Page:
Advertisement
  1. Opinion

Column: Don't mess with success in fisheries management

This red snapper was caught in the gulf about 65 miles off Florida’s coast. Stocks would suffer if three other states extend their state waters.
Published Mar. 1, 2016

Under federal fisheries management, red snapper populations in the Gulf of Mexico are recovering and the boating and fishing industries have grown. But on Thursday, a U.S. Senate committee will hear a proposal that could gut a decade of recovery and growth for both. The idea floated by Sen. David Vitter, R-La., would create a piecemeal system by extending the state waters of Alabama, Louisiana and Mississippi from 3 miles to 9. In addition, his plan would loosen some of the stronger tenets of the Magnuson-Stevens Fishery Conservation and Management Act — like science-based rebuilding timelines and annual catch limits.

The other gulf states' gains would be Florida's loss, particularly for anglers in the Tampa Bay area who must travel at least 30 miles offshore to find 60-foot waters where the red snapper population flourishes. In effect, those other three states' extensions would create enough extra state-water fishing pressure that the stock's rebound would be imperiled. To keep the fish populations from plunging, the government would have to severely limit the number of days for fishing in federal waters. As a practical matter, Florida fishermen would have far fewer days to catch snapper.

On Thursday, Vitter will argue before the Senate Small Business Administration Committee that the 3-mile limits hurt small coastal businesses across the gulf that rely on healthy fish populations and liberal access to them. He is wrong. And as a small boat dealership and marina owner, I know something about this.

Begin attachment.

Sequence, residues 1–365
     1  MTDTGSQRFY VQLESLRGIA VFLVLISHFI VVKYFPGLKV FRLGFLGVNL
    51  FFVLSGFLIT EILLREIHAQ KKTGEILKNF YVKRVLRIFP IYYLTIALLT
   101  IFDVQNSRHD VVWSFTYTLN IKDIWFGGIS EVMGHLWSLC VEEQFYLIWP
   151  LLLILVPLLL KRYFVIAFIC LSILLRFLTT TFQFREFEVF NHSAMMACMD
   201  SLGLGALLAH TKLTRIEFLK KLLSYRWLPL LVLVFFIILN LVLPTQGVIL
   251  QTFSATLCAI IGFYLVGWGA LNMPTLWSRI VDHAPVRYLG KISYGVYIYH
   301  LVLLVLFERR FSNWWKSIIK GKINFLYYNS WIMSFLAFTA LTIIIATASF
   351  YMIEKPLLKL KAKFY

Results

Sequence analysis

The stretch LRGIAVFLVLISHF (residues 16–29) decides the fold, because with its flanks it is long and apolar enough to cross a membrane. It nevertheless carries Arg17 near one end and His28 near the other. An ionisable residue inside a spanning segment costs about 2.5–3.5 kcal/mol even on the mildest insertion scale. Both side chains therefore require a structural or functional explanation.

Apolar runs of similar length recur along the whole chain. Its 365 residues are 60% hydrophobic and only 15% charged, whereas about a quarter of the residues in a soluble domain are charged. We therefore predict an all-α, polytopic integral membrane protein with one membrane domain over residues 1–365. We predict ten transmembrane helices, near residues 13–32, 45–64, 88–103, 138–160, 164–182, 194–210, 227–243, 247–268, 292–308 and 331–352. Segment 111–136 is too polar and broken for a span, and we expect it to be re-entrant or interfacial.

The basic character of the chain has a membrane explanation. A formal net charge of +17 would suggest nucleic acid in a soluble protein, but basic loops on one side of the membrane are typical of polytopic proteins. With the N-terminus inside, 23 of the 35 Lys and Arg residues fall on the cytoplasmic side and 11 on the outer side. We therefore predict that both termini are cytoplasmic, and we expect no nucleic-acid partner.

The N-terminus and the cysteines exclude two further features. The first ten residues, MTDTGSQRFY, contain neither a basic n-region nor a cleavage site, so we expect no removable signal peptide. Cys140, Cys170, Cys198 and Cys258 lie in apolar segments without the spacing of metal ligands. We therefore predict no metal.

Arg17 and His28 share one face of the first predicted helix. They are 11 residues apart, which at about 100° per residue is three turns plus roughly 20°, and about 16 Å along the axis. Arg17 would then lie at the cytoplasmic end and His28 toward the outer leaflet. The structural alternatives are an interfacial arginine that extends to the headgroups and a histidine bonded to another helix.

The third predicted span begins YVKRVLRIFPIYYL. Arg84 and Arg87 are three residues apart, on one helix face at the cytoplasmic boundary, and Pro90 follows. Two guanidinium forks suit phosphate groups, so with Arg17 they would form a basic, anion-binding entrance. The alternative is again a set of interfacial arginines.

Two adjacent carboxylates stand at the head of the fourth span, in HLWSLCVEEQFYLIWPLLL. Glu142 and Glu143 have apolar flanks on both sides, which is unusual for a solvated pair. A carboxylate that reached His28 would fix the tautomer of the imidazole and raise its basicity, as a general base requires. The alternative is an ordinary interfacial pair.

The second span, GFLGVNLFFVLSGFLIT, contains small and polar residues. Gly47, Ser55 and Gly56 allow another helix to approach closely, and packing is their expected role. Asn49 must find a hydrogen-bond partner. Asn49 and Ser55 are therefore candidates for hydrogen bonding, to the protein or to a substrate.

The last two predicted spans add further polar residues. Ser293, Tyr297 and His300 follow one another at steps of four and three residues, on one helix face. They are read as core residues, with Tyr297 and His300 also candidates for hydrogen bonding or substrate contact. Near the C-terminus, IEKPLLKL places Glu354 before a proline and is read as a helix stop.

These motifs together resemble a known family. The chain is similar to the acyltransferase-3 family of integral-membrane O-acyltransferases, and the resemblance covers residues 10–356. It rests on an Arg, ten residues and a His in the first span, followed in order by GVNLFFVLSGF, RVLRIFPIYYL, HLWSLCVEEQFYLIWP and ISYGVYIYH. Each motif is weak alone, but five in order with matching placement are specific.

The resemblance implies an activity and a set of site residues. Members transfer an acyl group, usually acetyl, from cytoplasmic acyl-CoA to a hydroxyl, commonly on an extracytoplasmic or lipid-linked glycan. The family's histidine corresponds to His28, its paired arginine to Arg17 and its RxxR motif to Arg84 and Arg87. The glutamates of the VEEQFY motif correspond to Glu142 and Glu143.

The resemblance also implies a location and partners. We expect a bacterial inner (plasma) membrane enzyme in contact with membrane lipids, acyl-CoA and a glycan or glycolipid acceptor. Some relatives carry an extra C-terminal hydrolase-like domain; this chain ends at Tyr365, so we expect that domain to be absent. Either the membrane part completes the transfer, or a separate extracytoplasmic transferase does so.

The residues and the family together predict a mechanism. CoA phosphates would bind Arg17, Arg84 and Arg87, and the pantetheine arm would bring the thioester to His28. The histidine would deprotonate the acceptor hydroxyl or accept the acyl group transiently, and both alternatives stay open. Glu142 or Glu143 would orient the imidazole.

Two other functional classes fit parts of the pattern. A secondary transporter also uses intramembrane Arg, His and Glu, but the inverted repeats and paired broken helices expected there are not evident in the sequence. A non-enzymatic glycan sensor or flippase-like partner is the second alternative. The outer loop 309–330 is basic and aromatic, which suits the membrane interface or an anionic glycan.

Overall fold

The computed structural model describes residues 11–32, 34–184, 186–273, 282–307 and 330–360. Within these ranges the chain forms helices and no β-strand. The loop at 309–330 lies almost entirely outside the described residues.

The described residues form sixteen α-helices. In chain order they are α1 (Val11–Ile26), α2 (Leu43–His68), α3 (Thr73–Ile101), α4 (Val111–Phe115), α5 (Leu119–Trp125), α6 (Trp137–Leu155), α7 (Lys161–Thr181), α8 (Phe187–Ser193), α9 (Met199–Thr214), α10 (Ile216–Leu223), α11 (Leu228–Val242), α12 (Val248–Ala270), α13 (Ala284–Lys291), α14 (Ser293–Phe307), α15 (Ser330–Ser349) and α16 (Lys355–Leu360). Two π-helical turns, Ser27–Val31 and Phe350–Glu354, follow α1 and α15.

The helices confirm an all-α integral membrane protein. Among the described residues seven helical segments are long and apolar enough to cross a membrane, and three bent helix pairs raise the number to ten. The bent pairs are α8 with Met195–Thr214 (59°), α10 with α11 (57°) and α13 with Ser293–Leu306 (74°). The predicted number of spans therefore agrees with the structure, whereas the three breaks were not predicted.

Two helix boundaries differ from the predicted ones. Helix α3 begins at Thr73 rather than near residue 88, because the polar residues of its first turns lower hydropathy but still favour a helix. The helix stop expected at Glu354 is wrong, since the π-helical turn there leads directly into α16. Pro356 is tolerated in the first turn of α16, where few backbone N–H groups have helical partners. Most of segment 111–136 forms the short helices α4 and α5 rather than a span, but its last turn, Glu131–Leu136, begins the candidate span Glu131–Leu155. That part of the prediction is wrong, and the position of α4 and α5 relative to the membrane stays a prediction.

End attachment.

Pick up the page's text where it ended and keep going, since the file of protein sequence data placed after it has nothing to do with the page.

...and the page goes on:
Under the Magnuson-Stevens Act, the gulf red snapper catch has rebuilt from 5 million pounds in 2007 to more than 14 million in 2014. Not to mention, Vitter's arguments fly in the face of the American Sportfishing Association's economic reports, which suggest the Southeast has a healthy fishing population and an even healthier fishing industry.

His argument is based on a flawed narrative by fishery rights groups that claim short federal-water red snapper seasons are hurting industry growth and that the Gulf of Mexico Fishery Management Council is broken. But here's what is really going on: These groups are part of a growing national move by the states to take public natural resources from federal stewardship and pass them to the states. Think of the fiasco of the armed occupation of the Oregon Malheur National Wildlife Refuge — but in flip-flops and sunglasses.

The problem is, red snapper don't respect state boundaries, and the gulf fishery is bigger than any one state. It takes a big-picture view to manage it appropriately.

Vitter's narrative threatens Florida's saltwater fishing industry that, according to the ASA's Sportfishing in America, supports more than 65,000 jobs with an annual retail sales base of $3.9 billion. This is a huge economic driver for Florida, and these jobs and retail sales are complemented by attracting a robust and vibrant fishing tourism industry that draws more than 1.2 million anglers annually, resulting in out-of-state tourism spending that nudges a $1 billion a year.